Stupefied by Bradley Manning’s Nobel Peace Prize Nomination

Billboard put up by the Bradley Manning Support Network (photo: SaveBradley)

A group of Icelandic parliamentarians have moved to nominate the soldier alleged to have released classified information to WikiLeaks, Pfc. Bradley Manning, for the Nobel Peace Prize.

He is being nominated because the parliamentarians do not think blowing the whistle on war crimes should be criminalized. They also doubt Manning will receive a fair trial during his court-martial later this year.

This likely stupefies a number of people in America, who see what Manning did as a traitorous act against America.  And some establishment media pundits are incapable of understanding the positive impact that Manning’s alleged leaks have had.

One such pundit or commentator is Ron Capps, who today asks if the Icelandic parliamentarians seriously want Manning to be given a Nobel Peace Prize for “betrayal.” Capps, who has a military background and served as a soldier for twenty-five years, is a freelance writer. He provides writing seminars and workshops for veterans typically at no cost and a number of his writings have appeared on the TIME blog “Battleland”—”where military intelligence is not a contradiction in terms.”

Capps believes the Icelandic parliamentarians show a “deep ignorance” by nominating him. To Capps, their nomination negates the “fact” that “what Manning did was put the lives of American service members, diplomats, and citizens at greater risk.”

The fear of  what might happen may have been acceptable then, but, at some point, Capps and others should be obligated to give a sober statement on what damage Manning actually caused to American national security if they are going to condemn people who celebrate him. There is little to no evidence that Bradley Manning—or WikiLeaks for that matter—have blood on their hands, as people like Capps are quick to argue.

No original classification authorities (OCAs) were willing to testify under oath at Manning’s pre-trial hearing, which further calls into question any notion that people were targeted or killed as a result of Manning’s alleged leaks.

Capps, however, finds this to be the key issue:

The Prize is awarded annually to “the person who shall have done the most or the best work for fraternity between nations, the abolition or reduction of standing armies and for the holding and promotion of peace congresses.” My initial thinking is that, no, betraying an oath and putting the lives of your countrymen and their sources in grave danger does not meet the standard. But we’ll wait and see what the Committee has to say. [emphasis added]

Again, people like Capps should not be permitted to make arguments that suggest blowback from Manning’s leaks happened that led to injuries or deaths. They should be challenged and asked to prove that there ever was any danger. They should have to react to the actual impact of the leaks.

Here is why Icelandic parliamentarians celebrate Manning: if he released the information he is charged with leaking, it means we learned a great deal:

Not to mention, the “Arab Spring,” which the US government now officially celebrates (though some countries are more celebrated than others), was greatly influenced by the leaks, especially in Tunisia. The people had always suspected their government was corrupt, but WikiLeaks made it possible for them to see it in writing.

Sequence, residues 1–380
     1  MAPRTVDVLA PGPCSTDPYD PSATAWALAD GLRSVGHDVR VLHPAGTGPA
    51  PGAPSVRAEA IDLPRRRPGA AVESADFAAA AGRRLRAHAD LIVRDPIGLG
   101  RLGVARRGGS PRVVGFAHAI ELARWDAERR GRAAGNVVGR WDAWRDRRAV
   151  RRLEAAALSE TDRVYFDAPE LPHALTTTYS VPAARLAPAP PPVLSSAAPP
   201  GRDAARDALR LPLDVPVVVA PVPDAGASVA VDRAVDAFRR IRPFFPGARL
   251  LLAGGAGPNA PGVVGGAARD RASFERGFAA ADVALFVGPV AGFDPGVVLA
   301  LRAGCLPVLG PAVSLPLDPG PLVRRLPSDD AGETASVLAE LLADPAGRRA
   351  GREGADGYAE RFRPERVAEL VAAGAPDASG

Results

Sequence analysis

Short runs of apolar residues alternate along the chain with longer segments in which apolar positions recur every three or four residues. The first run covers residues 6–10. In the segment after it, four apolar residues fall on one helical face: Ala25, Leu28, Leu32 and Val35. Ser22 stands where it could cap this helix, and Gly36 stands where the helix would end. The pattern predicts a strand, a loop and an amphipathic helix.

But, commentators like Capps, especially ones with ties to the US military, could never accept that Manning did anything other than betray his country. They could never look at Manning’s alleged violation of non-disclosure agreements he had to sign so he could possess a security clearance as anything other than something tantamount to treason. They do not care whether the information deserved to see sunlight.

Nor does it cross their minds that they could be on the wrong side of history—that Pfc. Bradley Manning may be a person who broke the law because his conscience led him to believe what the US military was doing was unjust. Or, that Manning was willing to accept the penalty of imprisonment in order to arouse the conscience of a community and had respect for the law because he was willing to suffer the consequences of his action.

The impunity, which Bush Administration and now Obama Administration officials have enjoyed, makes it highly likely that in retrospect Americans, decades from now, will regard the action of Manning as a positive. When the images of smoke billowing out of two towers fades, when the fear of a “far-reaching network of violence and hatred” is no longer intense, he will be judged alongside other individuals in history, who went up against the grain of society.

And, whether he fits the mold of a typical whistleblower or not, whether his defense is going to make a legal argument that he is in fact a whistleblower who deserves protection or not, the reality is that the world is more informed about the true nature of American super power than ever before. That may be hard for someone with a military background to praise, because they see military veterans on a regular basis and don’t want to offend them by calling into question what they did over in Iraq or Afghanistan. But, for people who have no allegiance to the US military, it is not hard to see: if Manning had not allegedly leaked information, so much corruption would be secret right now.

Exit mobile version